Strauss Facebook protest grows

Over 12,000 people have joined the call for a boycott.

More than 12,000 people have already given a "like" to the official Facebook page calling for a boycott of Strauss Group Ltd. (TASE:STRS), amid the media storm over high prices for its chocolate bars. The boycott organizers are calling for a boycott of the food company beginning March 1.

A second group calling itself "Strauss is not for me" has also opened a protest site. It asserts, "Strauss has a system - it takes a basic product and turns it into a luxury item so that the CEO and other executives can take home multimillion shekel salaries and so that the company can each year distribute fat bonuses and dividends. We've become captive consumers."

Adi Ezra, CEO of food importer and distributer Neto Group, supports the protest against Strauss, and launched his own assault against it and Osem Investments Ltd. (TASE: OSEM). He says that their profits are "piggish", and due to the lack of competition.

"Israel has three food giants - Tnuva Food Industries Ltd., Strauss, and Osem. Their gross profit margins in 2011 were 33%, 38%, and 43%, respectively. The gross margin is important, as it is the 'plus' in cost-plus. It's the premium. It's the precise difference between what we bought and how much we paid."

On his Facebook page, Ezra says, "The gross profit is not an indication of piggishness - it is piggishness. It is possible only because of the lack of competition. Things could be different. Alongside the big three, or, to be precise, slightly behind them, are scores of small, mid-sized and large food companies that operate in competitive markets and are satisfied with much more modest gross profit margins of 20% or less, which leave a fair and reasonable net profit margin of 4-5%."

Ezra says that Tnuva and Strauss's huge profits in the dairy business have enabled them to take over more and more companies. "The roots of Israel's two biggest food companies are deep in the dairy industry. This is neither reasonable, nor a coincidence, just as it is no coincidence that the Cottage Cheese protest began with cheeses and with any other basic food product. The dairy industry is not competitive; it is protected and subsidized through quotas, which naturally began with good intentions, to protect dairy farmers and the farm sector. But the huge profits were kept by the dairy companies. Economics is as economics does, with one thing leading to another, and the excess profits in one sector made it possible to take over and create a cartel in another sector. That is how Israel's two biggest food companies grew. This is precisely how the capital that Michael Strauss used to acquire Elite was created."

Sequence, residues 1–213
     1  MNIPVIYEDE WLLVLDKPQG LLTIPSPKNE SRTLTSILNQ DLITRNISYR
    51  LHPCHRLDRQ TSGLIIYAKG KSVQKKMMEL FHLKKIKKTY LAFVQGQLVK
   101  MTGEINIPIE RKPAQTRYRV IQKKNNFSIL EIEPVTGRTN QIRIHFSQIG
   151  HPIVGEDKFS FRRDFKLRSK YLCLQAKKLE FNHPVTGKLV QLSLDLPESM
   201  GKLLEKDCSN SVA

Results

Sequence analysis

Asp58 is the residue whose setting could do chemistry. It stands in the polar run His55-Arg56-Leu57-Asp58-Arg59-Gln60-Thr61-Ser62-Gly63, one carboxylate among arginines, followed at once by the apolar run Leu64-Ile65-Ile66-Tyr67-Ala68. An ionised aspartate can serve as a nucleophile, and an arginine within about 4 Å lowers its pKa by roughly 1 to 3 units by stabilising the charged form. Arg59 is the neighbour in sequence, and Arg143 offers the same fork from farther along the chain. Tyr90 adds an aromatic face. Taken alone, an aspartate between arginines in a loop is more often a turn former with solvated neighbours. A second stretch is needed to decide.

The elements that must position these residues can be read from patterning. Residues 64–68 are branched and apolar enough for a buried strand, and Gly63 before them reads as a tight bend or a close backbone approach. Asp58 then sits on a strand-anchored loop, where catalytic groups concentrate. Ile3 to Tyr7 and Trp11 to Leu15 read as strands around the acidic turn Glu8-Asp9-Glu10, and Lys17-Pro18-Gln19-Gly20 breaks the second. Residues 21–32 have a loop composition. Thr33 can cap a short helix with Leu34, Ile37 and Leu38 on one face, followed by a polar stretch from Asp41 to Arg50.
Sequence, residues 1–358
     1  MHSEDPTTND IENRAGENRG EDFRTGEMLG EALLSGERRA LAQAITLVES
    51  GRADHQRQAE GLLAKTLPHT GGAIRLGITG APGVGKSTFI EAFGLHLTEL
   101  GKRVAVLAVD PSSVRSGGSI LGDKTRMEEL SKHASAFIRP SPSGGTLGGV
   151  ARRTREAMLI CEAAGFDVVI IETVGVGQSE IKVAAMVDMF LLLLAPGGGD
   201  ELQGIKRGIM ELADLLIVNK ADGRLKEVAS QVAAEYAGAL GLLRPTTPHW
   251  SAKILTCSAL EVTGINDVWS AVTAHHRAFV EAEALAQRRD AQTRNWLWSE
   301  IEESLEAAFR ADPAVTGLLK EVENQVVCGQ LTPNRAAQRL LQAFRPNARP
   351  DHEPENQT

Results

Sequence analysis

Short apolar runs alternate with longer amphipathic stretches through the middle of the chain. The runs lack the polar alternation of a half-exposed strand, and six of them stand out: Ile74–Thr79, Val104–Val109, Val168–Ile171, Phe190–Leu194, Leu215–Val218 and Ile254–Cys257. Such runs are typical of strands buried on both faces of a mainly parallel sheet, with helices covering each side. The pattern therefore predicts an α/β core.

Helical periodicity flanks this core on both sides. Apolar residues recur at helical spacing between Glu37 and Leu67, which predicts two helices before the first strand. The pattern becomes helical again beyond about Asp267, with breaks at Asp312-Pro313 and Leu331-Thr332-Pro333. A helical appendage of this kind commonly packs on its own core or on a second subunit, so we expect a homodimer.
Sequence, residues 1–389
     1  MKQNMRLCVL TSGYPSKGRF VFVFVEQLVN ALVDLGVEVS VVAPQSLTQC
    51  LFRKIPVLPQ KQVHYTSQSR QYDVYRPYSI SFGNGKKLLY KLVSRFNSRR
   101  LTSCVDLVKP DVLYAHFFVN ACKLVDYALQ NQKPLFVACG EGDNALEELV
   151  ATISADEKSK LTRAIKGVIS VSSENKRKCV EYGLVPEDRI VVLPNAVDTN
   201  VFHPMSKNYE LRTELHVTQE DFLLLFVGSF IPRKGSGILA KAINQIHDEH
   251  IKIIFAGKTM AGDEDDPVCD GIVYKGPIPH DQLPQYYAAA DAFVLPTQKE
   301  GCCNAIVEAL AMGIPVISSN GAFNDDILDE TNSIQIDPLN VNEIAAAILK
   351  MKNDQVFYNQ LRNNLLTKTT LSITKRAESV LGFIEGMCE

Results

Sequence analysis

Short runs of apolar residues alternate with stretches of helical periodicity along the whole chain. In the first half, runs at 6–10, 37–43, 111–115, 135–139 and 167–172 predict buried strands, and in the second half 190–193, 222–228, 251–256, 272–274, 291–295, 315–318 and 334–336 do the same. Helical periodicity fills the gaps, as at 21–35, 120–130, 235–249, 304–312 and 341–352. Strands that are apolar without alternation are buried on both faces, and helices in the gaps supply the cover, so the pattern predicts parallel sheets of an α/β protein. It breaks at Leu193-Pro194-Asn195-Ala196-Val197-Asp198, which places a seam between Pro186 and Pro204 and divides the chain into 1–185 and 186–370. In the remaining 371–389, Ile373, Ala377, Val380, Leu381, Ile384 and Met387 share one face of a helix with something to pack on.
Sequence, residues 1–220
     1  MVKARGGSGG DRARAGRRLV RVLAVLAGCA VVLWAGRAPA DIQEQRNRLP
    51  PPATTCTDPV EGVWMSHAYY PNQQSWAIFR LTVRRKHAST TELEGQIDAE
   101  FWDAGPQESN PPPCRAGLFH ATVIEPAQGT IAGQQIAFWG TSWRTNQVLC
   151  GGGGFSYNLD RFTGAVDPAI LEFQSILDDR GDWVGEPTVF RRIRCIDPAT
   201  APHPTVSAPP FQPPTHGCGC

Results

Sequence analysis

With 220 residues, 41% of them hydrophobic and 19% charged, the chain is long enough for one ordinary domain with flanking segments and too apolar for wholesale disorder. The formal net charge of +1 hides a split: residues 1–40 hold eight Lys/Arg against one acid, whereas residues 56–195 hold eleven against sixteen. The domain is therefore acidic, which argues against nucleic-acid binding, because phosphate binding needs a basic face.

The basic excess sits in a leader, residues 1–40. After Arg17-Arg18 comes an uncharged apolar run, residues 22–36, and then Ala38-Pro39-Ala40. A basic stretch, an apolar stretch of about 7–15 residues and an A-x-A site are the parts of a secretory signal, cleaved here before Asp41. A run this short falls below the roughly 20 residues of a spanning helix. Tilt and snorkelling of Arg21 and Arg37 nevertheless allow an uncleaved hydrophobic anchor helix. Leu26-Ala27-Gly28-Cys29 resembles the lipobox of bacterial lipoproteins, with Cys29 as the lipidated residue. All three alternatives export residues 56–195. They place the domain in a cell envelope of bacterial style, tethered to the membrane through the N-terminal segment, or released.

Ezra does not defend the small and mid-sized companies, saying that their conduct is derived from competition. "There is no need to pity the shareholders in these companies. Although they are forced to work a bit harder, to struggle, streamline, and save on advertising budgets and other luxuries, they must compete and they actually create quite a few jobs in the periphery. Jobs for people who can only fantasize that will never materialize about the job conditions of high-techies."

Ezra adds, "The managers of these companies are no more moral than [Strauss chairwoman] Ofra Strauss or more socially sensitive than [former Tnuva chairwoman] Zehavit Cohen; it's competition that forces us to play honestly. Because in the competitive parts of the food industry - and they exist - a company that prices piggishly will lose market share, lose money, and be out of the game."

Published by Globes [online], Israel business news - - on February 21, 2012

© Copyright of Globes Publisher Itonut (1983) Ltd. 2012

Twitter Facebook Linkedin RSS Newsletters גלובס Israel Business Conference 2018